Do I attempt to take all the Chess pieces off the board piece for piece, or do I trap the King with my bishop and pawn?

Life, just like war, can be seen as a struggle. The idea of maneuver warfare vs. attrition is useful because it informs the ideas I’ve been wrestling with on inequality. Many of our precious resources are stubbornly wasted on hard surfaces. Part of the problem is money is such a permeating variable that it’s often mistaken as the only resource, similar to troops and materiel in attrition warfare. So much so that many people believe that money by itself will solve their problems. A cursory glance at the fate of lottery winners says otherwise… While money is a powerful resource, no doubt, it is by no means the only resource.

Leverage

Resources have been dealt to each and every one of us unequally. Whether it be in type/degree of intelligence, economic resources, social resources, familial resources, we all drew a different lot. But the beauty of the situation is that we can all manipulate what we have to get what we don’t have, depending on our goals. The student who is struggling in Math can sacrifice TIME and possibly MONEY to pursue proficiency in Math, or he can reorient towards creative writing where he excels because of his specific INTELLIGENCE. The overworked waitress can sacrifice MONEY for TIME to pursue meaningful connections with FAMILY, FRIENDS, or MENTORS that may in turn yield opportunities for a more balanced career. Rather than engaging in attrition warfare by fighting with a singular variable such as money or intelligence, we can fight a maneuver war utilizing a multi-variant approach.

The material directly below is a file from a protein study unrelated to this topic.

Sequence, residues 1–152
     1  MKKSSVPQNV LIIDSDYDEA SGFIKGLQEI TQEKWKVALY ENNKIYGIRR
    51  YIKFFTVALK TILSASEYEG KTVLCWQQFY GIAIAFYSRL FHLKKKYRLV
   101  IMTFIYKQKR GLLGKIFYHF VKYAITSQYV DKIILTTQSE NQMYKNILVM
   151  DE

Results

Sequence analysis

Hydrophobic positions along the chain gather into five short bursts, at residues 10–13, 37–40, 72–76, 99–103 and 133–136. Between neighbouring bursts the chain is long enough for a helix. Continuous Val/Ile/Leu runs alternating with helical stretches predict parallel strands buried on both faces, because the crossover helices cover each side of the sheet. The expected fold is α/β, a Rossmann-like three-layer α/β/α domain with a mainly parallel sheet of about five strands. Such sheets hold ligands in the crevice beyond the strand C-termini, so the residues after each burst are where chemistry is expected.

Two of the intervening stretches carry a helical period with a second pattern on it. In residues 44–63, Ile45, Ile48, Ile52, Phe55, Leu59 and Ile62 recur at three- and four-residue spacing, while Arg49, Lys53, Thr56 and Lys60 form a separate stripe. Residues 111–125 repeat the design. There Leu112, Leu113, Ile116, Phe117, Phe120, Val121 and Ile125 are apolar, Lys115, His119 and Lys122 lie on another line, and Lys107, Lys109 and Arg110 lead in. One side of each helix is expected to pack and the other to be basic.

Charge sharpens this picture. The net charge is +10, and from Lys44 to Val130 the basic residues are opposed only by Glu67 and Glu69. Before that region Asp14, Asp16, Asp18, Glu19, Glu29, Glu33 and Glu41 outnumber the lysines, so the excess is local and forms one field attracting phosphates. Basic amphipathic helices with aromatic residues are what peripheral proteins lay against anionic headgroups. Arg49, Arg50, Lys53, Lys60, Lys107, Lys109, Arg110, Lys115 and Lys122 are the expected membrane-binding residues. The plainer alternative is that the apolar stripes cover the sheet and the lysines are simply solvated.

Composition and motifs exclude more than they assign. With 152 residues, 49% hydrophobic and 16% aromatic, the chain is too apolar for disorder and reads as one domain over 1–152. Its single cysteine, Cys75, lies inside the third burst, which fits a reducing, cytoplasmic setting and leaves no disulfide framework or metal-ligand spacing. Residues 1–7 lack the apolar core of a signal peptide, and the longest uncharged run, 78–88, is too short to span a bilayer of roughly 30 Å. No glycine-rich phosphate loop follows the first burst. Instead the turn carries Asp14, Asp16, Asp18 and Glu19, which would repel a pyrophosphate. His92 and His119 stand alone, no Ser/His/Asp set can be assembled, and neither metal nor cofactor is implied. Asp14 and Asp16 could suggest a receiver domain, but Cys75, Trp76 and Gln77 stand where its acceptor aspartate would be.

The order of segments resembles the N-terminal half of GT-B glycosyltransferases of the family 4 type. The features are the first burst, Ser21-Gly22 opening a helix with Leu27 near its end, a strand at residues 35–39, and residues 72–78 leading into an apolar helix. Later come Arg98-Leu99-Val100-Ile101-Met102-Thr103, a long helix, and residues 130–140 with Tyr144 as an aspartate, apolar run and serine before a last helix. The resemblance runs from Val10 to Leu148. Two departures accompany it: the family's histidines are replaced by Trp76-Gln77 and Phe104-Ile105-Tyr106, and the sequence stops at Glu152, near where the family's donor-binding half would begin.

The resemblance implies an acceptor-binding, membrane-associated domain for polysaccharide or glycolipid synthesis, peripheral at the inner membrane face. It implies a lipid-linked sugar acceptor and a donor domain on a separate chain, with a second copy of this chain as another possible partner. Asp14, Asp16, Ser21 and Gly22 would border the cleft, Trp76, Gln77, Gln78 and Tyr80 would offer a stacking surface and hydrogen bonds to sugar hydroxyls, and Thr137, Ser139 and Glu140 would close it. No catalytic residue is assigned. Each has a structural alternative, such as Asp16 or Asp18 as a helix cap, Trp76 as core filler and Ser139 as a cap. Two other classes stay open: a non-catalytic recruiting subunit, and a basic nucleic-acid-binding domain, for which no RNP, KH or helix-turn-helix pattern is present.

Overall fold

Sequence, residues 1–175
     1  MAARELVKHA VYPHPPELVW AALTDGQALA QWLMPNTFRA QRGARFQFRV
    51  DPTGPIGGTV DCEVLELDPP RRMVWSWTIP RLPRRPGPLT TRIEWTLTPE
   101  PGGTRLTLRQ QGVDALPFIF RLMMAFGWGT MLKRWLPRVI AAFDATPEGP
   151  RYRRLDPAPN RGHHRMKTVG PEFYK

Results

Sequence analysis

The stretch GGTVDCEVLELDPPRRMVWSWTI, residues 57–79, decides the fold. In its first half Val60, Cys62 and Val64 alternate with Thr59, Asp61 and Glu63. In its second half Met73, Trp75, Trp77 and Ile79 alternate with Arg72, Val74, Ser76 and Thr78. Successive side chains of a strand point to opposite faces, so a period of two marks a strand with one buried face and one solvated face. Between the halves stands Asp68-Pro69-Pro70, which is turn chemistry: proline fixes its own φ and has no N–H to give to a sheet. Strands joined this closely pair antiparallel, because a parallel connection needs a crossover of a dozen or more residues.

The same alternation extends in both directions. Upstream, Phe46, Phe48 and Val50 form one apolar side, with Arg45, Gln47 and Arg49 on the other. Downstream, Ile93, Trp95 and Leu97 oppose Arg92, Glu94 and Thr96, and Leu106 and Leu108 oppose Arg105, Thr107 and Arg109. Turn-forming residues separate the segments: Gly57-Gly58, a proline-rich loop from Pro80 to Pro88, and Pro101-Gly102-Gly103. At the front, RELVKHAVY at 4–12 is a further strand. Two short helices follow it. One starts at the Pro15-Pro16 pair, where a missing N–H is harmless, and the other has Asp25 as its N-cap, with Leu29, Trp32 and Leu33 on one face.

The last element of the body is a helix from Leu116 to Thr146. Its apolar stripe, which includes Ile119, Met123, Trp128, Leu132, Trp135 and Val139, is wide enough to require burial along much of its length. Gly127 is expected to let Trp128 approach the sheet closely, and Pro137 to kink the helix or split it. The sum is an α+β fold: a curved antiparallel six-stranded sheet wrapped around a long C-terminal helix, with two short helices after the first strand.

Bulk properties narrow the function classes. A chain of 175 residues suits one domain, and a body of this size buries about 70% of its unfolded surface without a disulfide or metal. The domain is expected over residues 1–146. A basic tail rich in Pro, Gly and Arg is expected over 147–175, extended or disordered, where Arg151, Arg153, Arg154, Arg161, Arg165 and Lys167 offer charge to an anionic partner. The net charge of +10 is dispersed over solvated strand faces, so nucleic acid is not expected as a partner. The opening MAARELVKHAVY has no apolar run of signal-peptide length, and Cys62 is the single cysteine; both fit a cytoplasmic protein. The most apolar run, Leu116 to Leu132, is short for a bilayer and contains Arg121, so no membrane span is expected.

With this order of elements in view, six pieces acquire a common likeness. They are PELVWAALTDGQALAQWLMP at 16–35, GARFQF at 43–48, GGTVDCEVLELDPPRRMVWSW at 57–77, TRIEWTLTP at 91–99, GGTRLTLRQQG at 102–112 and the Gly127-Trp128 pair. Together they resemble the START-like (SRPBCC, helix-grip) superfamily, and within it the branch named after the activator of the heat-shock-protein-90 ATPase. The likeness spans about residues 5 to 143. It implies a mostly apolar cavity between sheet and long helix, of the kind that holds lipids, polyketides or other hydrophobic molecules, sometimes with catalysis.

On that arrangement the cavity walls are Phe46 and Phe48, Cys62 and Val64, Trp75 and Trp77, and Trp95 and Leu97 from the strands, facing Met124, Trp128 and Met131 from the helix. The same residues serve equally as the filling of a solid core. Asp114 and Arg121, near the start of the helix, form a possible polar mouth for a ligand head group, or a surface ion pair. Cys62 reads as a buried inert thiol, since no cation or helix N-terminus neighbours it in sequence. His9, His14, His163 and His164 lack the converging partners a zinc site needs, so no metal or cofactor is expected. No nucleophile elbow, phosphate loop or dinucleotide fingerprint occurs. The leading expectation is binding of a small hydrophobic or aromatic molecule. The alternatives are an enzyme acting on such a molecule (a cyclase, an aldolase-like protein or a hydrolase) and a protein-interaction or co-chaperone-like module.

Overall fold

This brings me to what I’m going to term as Leverage. Gaining Leverage is taking the tactical self-evaluation of your resources, identifying strengths and weakness, and exploiting your strengths to either minimize or shore up your weaknesses. Rather than complaining about how the world is, you look for gaps, or weaknesses, in the structure of the world to exploit. This is the essence of charting out your life like a maneuver warfare commander. My goal is to take a holistic approach to inequality by identifying some of the major unequally distributed resources for success and how they can be utilized, manipulated, or exploited. Always keeping in mind:

  1. I am writing for the individual, not the group. I am not concerned with which group is more likely to do what or numbers shuffled around to prove a point. And…
  2. I can not in a million years address every complexity, exception, and nuance. This is being presented as a helpful framework for self-reflective thinking, not a rule book.

Going forward through this series in the coming weeks, I want to provide a unique lens for viewing the world. My hope is that every reader will be able to take at least a small nugget that will enrich their lives.

Continue to Part 2: Leveraging Time

 

2 thoughts on “Leverage – Part 1: An Introduction

  1. Pingback: Leverage – Part 2: Leveraging Time | THYMOS

  2. Pingback: Leverage – Part 3: Leveraging Personality | THYMOS